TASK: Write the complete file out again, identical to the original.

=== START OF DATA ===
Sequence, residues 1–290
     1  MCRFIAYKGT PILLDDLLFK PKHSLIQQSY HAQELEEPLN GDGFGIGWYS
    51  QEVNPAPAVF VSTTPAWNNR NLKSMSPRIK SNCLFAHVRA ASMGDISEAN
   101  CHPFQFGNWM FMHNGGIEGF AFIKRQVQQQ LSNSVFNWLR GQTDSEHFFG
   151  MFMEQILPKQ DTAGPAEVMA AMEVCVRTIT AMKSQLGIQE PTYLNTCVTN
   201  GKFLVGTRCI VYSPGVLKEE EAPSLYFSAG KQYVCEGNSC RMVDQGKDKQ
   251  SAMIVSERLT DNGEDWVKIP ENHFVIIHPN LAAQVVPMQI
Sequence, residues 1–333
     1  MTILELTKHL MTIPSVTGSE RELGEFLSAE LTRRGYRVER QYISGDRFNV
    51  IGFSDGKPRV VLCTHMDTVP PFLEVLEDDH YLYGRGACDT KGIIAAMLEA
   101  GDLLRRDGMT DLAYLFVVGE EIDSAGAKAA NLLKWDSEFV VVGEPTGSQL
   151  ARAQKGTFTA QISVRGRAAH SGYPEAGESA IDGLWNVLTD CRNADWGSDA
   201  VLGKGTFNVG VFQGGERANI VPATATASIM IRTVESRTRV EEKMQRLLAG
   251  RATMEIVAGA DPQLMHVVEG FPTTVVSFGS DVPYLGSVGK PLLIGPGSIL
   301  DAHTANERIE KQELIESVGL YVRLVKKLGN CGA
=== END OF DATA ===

Sequence, residues 1–290
     1  MCRFIAYKGT PILLDDLLFK PKHSLIQQSY HAQELEEPLN GDGFGIGWYS
    51  QEVNPAPAVF VSTTPAWNNR NLKSMSPRIK SNCLFAHVRA ASMGDISEAN
   101  CHPFQFGNWM FMHNGGIEGF AFIKRQVQQQ LSNSVFNWLR GQTDSEHFFG
   151  MFMEQILPKQ DTAGPAEVMA AMEVCVRTIT AMKSQLGIQE PTYLNTCVTN
   201  GKFLVGTRCI VYSPGVLKEE EAPSLYFSAG KQYVCEGNSC RMVDQGKDKQ
   251  SAMIVSERLT DNGEDWVKIP ENHFVIIHPN LAAQVVPMQI
Sequence, residues 1–333
     1  MTILELTKHL MTIPSVTGSE RELGEFLSAE LTRRGYRVER QYISGDRFNV
    51  IGFSDGKPRV VLCTHMDTVP PFLEVLEDDH YLYGRGACDT KGIIAAMLEA
   101  GDLLRRDGMT DLAYLFVVGE EIDSAGAKAA NLLKWDSEFV VVGEPTGSQL
   151  ARAQKGTFTA QISVRGRAAH SGYPEAGESA IDGLWNVLTD CRNADWGSDA
   201  VLGKGTFNVG VFQGGERANI VPATATASIM IRTVESRTRV EEKMQRLLAG
   251  RATMEIVAGA DPQLMHVVEG FPTTVVSFGS DVPYLGSVGK PLLIGPGSIL
   301  DAHTANERIE KQELIESVGL YVRLVKKLGN CGA